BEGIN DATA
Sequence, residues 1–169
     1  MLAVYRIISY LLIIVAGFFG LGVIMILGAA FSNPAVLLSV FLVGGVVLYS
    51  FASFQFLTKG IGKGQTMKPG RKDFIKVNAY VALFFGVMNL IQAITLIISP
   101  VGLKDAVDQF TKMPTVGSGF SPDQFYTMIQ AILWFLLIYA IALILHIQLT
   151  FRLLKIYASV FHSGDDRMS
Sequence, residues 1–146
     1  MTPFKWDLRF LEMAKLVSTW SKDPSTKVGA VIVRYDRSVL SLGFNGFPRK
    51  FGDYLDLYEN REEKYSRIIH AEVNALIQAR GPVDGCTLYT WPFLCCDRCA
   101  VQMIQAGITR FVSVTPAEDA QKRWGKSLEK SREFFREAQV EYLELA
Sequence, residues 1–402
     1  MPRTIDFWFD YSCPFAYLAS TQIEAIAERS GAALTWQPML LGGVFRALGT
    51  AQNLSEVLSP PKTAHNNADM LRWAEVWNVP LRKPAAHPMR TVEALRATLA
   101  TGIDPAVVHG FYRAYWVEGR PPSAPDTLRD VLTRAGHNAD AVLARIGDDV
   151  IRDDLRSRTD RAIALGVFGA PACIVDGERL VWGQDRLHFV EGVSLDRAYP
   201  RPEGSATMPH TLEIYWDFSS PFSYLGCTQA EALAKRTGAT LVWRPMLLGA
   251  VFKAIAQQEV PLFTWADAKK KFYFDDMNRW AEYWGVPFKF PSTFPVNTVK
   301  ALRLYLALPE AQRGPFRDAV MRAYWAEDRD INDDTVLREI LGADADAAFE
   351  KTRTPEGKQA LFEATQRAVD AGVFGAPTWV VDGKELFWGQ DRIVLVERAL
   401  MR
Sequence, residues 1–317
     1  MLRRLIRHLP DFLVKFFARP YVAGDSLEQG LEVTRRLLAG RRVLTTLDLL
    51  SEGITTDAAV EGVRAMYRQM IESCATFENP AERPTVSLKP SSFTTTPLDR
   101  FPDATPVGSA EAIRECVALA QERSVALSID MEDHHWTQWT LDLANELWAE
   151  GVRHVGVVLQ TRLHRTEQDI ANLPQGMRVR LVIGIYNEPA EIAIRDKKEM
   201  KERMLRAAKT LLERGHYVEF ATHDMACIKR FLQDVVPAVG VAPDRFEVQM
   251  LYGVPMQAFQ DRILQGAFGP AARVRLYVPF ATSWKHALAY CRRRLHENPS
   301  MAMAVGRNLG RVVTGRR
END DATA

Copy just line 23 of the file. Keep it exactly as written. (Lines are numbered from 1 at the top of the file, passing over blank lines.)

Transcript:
   101  FPDATPVGSA EAIRECVALA QERSVALSID MEDHHWTQWT LDLANELWAE